While the U.S. midterm elections dominated the news cycles, the result (Republican House/Democratic Senate) was no surprise and had been predicted by markets for the prior two months. For now, it appears there will be little attempt to use increased government spending as a stimulus for growth. We believe that likelihood played into the Federal Reserve's decision to attempt a second round of monetary stimulus in the form of quantitative easing (QE2). The size of the program, $600 billion, exceeded the expectations of most analysts and sparked a global rally in stocks and commodities following the announcement. Perhaps more interesting than the announcement itself was the Ben Bernanke editorial published the next day in the Washington Post. In the piece Mr. Bernanke (the Chairman of the Federal Reserve) explained the reasoning behind the decision. In his view the Fed had to act because unemployment remains higher and inflation continues to trend lower than what the Fed perceives as optimal. We did find Mr Bernanke's logic rather curious particularly where he notes that, in anticipation of easing by the Fed "stock prices rose and interest rates fell" which would result in a "virtuous circle, (that) will further support economic expansion".
In our view- he has the process backwards. The fundamental relationship, over the longer term, is simple: stock prices and financial markets will rise when economies expand and companies increase profitability. So we doubt that merely inflating the value of financial assets will significantly expand economic growth. Mr. Bernanke is looking to stimulate demand for capital investment through lower interest rates, however interest rates are already at historic lows. Is someone out there really waiting for rates to dip below 4% before they buy a home? We think QE2 will more likely provide temporary juice to commodities and perhaps equities with little long term benefit but at a big cost- continued weakness in the dollar.
Here is an updated version of the graph we published last month that showed the contrasting performance of the dollar since the Fed indicated it would again start easing. To further illustrate the divide, we have added a commodities index.
Sometimes excessive easing by the Fed can have negative unintended consequences. There is little doubt Fed efforts to keep interest rates low in the 2002-2005 period contributed to the housing bubble. We doubt that many view the results of that as a "virtuous circle ... support(ing) economic expansion". More like a trapdoor to one of Dante's Circles of Hell. Many Asian countries fear the Fed's action will result in unwanted appreciation in their currencies and/or housing markets (just because the dollars are printed in the US, doesn't mean they stay in the US). The decision to move ahead with QE2 also gives the dangerous impression that an 'independent' Federal Reserve is in fact succumbing to political pressure.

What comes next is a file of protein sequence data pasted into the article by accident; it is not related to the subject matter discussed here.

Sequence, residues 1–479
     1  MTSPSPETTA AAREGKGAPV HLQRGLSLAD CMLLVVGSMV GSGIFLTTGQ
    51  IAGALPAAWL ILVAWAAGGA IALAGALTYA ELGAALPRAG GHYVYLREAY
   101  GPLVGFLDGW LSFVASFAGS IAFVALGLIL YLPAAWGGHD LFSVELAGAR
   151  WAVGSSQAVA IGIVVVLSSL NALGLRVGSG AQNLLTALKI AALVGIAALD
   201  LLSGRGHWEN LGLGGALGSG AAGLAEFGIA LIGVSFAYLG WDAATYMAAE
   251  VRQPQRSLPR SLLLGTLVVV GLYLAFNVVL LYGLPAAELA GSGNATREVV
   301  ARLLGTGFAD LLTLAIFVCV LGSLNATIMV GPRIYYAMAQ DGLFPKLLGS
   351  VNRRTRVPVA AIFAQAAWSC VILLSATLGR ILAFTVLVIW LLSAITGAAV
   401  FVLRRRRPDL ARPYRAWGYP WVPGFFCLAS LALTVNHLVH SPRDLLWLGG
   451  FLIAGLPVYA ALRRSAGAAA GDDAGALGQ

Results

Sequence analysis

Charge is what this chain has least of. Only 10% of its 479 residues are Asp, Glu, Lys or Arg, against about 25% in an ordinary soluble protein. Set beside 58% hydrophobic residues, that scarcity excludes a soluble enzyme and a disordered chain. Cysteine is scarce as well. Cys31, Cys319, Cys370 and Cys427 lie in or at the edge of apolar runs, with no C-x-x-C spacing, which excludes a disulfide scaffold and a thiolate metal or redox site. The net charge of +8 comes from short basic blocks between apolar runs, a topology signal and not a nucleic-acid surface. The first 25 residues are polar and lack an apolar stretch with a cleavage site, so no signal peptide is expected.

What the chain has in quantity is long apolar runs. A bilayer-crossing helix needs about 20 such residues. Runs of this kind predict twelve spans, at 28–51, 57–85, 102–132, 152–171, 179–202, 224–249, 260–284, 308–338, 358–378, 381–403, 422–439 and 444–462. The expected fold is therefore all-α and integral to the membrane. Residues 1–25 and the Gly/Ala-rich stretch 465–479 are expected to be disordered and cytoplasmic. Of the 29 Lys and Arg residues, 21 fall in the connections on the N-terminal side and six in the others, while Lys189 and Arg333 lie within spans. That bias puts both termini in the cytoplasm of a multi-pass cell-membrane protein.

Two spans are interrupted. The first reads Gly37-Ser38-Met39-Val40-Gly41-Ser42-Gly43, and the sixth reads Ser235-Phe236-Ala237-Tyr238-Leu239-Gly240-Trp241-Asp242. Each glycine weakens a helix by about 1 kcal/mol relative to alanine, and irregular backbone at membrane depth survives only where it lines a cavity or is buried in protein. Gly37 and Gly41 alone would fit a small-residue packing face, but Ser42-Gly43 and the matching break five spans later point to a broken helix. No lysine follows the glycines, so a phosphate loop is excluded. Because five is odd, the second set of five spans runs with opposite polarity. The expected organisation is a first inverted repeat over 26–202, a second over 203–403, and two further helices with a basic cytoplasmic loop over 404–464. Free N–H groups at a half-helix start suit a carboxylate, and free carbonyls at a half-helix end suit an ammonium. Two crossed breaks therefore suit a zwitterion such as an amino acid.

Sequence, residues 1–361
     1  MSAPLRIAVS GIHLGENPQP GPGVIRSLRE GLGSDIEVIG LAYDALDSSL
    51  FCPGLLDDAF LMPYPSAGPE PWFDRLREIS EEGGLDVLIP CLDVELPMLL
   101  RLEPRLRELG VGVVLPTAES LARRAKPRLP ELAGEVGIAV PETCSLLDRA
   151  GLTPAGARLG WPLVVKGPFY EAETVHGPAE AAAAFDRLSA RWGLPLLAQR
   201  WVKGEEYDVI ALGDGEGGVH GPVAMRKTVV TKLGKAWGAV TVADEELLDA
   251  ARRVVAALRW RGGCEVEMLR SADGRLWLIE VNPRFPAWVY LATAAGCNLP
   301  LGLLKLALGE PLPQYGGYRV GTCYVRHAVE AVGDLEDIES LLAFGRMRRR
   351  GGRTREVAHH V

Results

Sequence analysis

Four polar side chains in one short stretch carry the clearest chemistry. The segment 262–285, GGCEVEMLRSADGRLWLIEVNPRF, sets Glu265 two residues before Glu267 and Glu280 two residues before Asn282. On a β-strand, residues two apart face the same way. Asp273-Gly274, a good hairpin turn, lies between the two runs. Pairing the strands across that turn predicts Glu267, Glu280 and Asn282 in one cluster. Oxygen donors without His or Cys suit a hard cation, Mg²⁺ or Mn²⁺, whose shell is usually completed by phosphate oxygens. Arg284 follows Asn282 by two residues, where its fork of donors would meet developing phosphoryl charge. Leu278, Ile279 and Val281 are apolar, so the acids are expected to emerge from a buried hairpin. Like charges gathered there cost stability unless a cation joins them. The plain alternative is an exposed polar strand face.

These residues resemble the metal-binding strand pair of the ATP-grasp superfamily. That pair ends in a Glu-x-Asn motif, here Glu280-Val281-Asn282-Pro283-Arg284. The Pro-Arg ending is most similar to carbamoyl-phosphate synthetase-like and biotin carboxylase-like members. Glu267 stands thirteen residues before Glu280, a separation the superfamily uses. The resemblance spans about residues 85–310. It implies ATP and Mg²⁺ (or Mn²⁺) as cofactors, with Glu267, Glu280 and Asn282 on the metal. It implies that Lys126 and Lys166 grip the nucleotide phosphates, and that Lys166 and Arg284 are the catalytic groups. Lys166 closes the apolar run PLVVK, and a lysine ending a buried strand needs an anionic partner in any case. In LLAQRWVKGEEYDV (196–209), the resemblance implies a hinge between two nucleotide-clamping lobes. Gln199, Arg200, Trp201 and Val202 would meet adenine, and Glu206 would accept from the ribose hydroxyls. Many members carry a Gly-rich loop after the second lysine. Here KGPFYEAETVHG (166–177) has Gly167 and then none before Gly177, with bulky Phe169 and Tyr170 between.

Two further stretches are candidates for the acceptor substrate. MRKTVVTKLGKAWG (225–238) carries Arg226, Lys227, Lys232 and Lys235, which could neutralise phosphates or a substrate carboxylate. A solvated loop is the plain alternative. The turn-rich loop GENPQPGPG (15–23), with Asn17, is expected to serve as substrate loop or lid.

We remain moderately optimistic on economic performance and we think economic data has been positive over the last month. The October jobs report proved better than expected with an increase of 159,000 jobs. Private sector employment has grown every month this year although this has been somewhat offset by government layoffs at the state and municipal level. Corporate profits continue to be strong and it is not unreasonable to believe that without another shock, we could see decent economic growth in 2011. For the possible source of such a shock we look across the Atlantic where the fiscal difficulties of the periphery nations have popped up again, this time in Ireland. The graph below (courtesy of tradingeconomics.com) shows the interest rate on an Irish government 10 year bond over the last decade. The yields have now spiked higher than they were during the earlier Greek crisis.
This indicates that investors have significant doubts about the ability of the Irish government to continue financing their deficits. The Wall Street Journal recently had a lengthy article detailing how the Irish government's decision to bail out their banks had resulted in this crushing ($50,000 per household) debt. It appears that markets are trying to force Europe to bail out the Irish as they did the Greeks. If this happens, you can be sure that Portugal and Spain will be next on the list and the success of the effort to limit the contagion will be the most important factor in the global economy.
As always we appreciate your comments and feedback. If you have financial planning needs, we welcome the opportunity to meet with you.